Another potential Trump nominee, meanwhile, is Judge Steven Colloton from the conservative Eighth Circuit Court of Appeals. Colloton isn’t as well known as Pryor, but just as conservative and dangerous to progressive causes.
In addition to being a strong proponent of capital punishment and distinctly anti-Affordable Care Act, before being a judge on the Eighth Circuit, Colloton worked closely with special prosecutor Kenneth Starr on the impeachment efforts of then-President Bill Clinton, which would also make him a favorite of the “lock her up” Trump constituency. Additionally, Colloton comes from Iowa, which makes him a favorite of Senate Judiciary Chair Charles Grassley (R-IA).
Colloton isn’t the only potential Trump nominee from the conservative Eighth Circuit Court of Appeals. Supreme Court contender Raymond Gruender also comes from the federal appellate district that would have upheld both Arkansas’ 12-week abortion ban and North Dakota’s six-week ban. Gruender himself authored a decision that upheld a current South Dakota law requiring doctors to falsely tell abortion patients that if they have an abortion, their risks of suicide and breast cancer increase.
The overwhelming number of justices on Trump’s short list are men. However, Seventh Circuit Court of Appeals Judge Diane Sykes‘ name has been floated to fill the seat. Originally a member of the Wisconsin Supreme Court, Sykes is a conservative favorite for her role with Gov. Scott Walker’s administration in molding the Wisconsin courts into the conservative institution it is today. Sykes is also a big proponent of voter identification laws. This would help the administration in its coming fights from progressive groups, should it and Congress institute the national voter ID requirement Trump and his advisers have suggested.
Despite rolling over on the Garland nomination, Senate Democrats have now vowed to fight nearly any Trump nomination. What that fight would look like is not entirely clear. Perhaps Senate Democrats could argue the seat should remain open for the next president to fill since Trump failed to win the popular vote, thereby making him a lame duck president for the duration of his four years. It’s the logical extension of the argument made by Senate majority leader Mitch McConnell when he announced that Republicans wouldn’t consider any nominee President Obama put forward. Even now Senate Democrats are being more reasonable than that, by suggesting they’d consider a Trump nominee, just not the ones whose names have been floated so far.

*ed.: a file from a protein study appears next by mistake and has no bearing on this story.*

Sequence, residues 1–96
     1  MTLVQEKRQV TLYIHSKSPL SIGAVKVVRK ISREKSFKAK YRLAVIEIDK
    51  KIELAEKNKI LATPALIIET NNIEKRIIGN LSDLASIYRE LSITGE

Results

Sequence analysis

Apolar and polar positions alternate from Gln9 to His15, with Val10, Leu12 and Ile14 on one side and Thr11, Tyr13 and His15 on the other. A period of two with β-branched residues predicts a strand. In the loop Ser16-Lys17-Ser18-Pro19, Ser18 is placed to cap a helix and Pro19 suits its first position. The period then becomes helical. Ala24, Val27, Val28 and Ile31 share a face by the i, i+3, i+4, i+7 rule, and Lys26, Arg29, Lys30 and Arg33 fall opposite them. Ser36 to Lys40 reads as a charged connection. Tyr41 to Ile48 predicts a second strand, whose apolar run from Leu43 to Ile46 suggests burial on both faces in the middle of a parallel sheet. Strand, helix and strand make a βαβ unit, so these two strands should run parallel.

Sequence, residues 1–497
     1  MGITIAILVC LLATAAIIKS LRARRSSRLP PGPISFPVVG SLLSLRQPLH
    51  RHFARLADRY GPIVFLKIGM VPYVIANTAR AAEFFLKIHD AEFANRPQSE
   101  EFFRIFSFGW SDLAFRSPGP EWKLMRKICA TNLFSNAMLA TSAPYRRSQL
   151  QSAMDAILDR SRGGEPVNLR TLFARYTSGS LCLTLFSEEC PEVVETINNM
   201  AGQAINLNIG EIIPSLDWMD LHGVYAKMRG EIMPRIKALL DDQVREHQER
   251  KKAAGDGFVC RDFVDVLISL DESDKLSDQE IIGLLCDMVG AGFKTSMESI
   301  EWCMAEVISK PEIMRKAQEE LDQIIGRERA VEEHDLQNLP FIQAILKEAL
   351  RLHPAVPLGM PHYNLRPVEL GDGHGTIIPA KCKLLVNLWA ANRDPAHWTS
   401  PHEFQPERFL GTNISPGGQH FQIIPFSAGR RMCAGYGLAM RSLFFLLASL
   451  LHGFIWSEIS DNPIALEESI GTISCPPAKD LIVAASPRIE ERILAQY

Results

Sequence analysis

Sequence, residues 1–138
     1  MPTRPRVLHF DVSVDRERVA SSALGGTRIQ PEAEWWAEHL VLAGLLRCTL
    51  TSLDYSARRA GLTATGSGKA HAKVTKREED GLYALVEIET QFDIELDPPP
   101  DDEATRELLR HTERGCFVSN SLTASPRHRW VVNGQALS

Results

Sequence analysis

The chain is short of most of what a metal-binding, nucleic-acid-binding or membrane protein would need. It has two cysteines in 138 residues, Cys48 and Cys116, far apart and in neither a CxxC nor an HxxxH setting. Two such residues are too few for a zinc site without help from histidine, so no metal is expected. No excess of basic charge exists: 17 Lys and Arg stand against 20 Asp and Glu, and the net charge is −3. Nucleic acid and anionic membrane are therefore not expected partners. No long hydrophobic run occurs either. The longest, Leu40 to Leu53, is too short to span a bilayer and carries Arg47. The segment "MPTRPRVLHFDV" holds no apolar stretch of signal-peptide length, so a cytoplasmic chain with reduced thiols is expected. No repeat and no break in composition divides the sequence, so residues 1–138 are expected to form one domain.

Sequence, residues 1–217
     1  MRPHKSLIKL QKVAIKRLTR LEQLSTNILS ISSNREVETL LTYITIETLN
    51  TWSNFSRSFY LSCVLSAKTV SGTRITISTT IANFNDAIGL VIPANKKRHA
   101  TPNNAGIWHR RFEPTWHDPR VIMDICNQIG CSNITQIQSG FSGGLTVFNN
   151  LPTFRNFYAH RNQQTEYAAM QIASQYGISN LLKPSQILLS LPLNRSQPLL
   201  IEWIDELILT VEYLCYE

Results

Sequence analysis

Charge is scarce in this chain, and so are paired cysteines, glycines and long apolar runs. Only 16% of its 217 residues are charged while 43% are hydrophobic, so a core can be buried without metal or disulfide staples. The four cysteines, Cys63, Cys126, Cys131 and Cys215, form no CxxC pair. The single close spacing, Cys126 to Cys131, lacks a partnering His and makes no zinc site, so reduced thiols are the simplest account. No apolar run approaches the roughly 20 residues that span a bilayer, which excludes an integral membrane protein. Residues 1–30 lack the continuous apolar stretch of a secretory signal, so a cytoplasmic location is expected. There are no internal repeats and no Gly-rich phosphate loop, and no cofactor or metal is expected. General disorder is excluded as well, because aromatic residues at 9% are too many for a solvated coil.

There is also the chance that Senate Democrats could Bork a Trump nominee.
In 1987 then-President Ronald Reagan nominated Robert Bork to the Supreme Court. Bork was a noted conservative who had promised to overturn Roe v. Wade if confirmed, and liberals had their sights set on his nomination immediately. Thanks in large part to an immediate, passionate pushback by the late Sen. Edward Kennedy (D-MA), popular sentiment, including among Kennedy’s Senate Republican colleagues, turned away from Bork. It ultimately tanked his nomination, paving the way instead for the more moderate Anthony Kennedy. In other words, Democrats could Bork a Trump nominee by pushing public opinion, provided they manage to find the pulpit and backbone to do so.
Can Senate Democrats pull off either? Let’s hope so. Otherwise, we’re looking at decades of irreversible damage to the federal courts and this country because Democrats chose to walk away from a nomination when they should have chose to fight.